Here’s to swimming with bow-legged women. Jaws, oft-imitated but never equaled, the greatest summer blockbuster of them all.
Release Date: June 20, 1975
Box Office: $260 million domestic ($7.0 million opening weekend), $470.7 million global; $1.02 billion domestic in 2014 dollars, adjusted for inflation. (All numbers from Box Office Mojo.)
The Competition: There was no competition. Jaws swallowed the competition whole, including Nashville, which had been the No. 1 movie the week before. Who else had the misfortune of opening in the summer of 1975? The Apple Dumpling Gang with Bill Bixby and Tim Conway, The Rocky Horror Picture Show, The Other Side of the Mountain, Rollerball, and Woody Allen’s Love and Death.
What TIME said: “Like all the best thrillers — with which this movie is good enough to keep company — Jaws relies on both the immediacy of illusion and the safety it provides. The menace so cunningly created and enlarged comes close enough to have caused loud screams and small tremors of terror at pre-release screenings. Yet Jaws is vicarious, not vicious, a fantasy far more than an assault. It is a dread dream that weds the viewer’s own apprehensions with the survival of the heroes. It puts everyone in harm’s way and brings the audience back alive. And in Jaws, the only thing you have to fear is fear itself.”
Cultural Impact Then: People flocked to theaters in the summer of ’75 to see Jaws, but the movie had an adverse impact on beach attendance, with anecdotal reports that people were staying away from the water. The film was so effective that sharks — especially Great White sharks — were demonized, and nearly 40 years later, they remain feared and misunderstood based on the misconceptions presented in Jaws and its sequels. The enormous success of Jaws demanded a sequel, and Jaws II was quickly green-lit with Scheider starring. (Spielberg and Dreyfuss escaped the follow-up because they were busy making Close Encounters of the Third Kind.) Other studios quickly generated their own Jaws rip-offs, with Orca, The Deep, Tentacles, and Piranha soon swimming into theaters.
John Williams’ chilling, immediately iconic score won him an Oscar and became the summer’s most repeated two notes. A new NBC sketch show that would become known as Saturday Night Live featured a recurring Land Shark who duped naive people into answering their door.
Most long-lasting, Jaws‘ success didn’t end at the box office, as the public was in a frenzy for movie-related T-shirts, posters, toys and lunchboxes. It paved the way for the kind of merchandizing that would explode two years later for Star Wars, which took the Jaws blockbuster blueprint to another level.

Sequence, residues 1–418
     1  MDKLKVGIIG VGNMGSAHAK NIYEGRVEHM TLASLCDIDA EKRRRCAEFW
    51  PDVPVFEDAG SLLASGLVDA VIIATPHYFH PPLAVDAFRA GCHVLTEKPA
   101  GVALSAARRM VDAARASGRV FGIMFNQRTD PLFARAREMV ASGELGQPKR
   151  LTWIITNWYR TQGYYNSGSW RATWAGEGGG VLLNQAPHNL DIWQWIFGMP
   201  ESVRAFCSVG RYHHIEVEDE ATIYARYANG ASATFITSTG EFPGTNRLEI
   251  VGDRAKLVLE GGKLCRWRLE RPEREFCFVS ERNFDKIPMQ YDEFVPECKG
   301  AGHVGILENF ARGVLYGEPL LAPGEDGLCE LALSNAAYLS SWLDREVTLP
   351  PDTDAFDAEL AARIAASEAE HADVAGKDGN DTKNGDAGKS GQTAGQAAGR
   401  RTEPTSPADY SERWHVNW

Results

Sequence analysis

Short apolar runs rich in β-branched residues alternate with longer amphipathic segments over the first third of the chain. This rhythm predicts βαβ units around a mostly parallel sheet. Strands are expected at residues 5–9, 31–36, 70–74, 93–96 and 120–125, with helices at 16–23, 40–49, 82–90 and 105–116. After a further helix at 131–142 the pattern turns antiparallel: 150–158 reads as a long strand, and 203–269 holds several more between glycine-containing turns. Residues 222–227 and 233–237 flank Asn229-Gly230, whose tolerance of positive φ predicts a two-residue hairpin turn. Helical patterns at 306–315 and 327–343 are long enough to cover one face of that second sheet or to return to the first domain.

Cultural Staying Power: People are still terrified of sharks, so there’s that. And people still sit up straight when Williams’ score gets played. But the most important cultural impact of Jaws was the advent of the summer blockbuster. Hollywood wholeheartedly embraced huge event movies that became the centerpiece of their strategy. Some blame Jaws, and subsequently Star Wars, for the demise of the auteur-led Hollywood by replacing pseudo-artistic entertainment geared for adults with frivolous fodder for kids. Then there was Jaws II and Jaws 3-D, and The Empire Strikes Back and The Return of the Jedi. Studios suddenly demanded blockbusters that could be made into more blockbusters; i.e., franchises. That’s a lot to hang around the neck of one nearly perfect movie that many predicted would be a total disaster. Jaws didn’t kill Robert Altman, but perhaps it made making his brand of movies that much more difficult.
Steven Spielberg became the master of the summer blockbuster, as our list attests. Making Jaws gave him near-complete freedom to make any movie he wanted for the rest of his career, and he’s delivered on that promise time and time again, in movies like Raiders of the Lost Ark, E.T., Jurassic Park, and Saving Private Ryan, to name but a few.
Jaws also influenced an entire generation of filmmakers who aspire to tell a big-budget, high-concept story as perfectly as Spielberg did — though many have wisely steered clear of filming on the water. His nightmare experience off the coast of Massachusetts has become legend, with multiple documentaries picking through the production headaches and the personality conflicts that plagued the shoot. Last year, two different scripts about the making of the movie were included on the annual Black List, which highlights the best unproduced screenplays in Hollywood. Jaws also gave us the annual Shark Week and Sharknado 2, so there’s no denying that it has become one of the most important movies of all time, for better and worse.
Clip courtesy of The Shark is Still Working.
29. The Hangover
28. Rambo: First Blood Part II
27. There’s Something About Mary
23. Saving Private Ryan
21. Independence Day
20. Toy Story 3
16. The Avengers
14. Superman II
13. The Lion King
12. The Sixth Sense
11. Top Gun
9. Animal House
7. Forrest Gump
2. Star Wars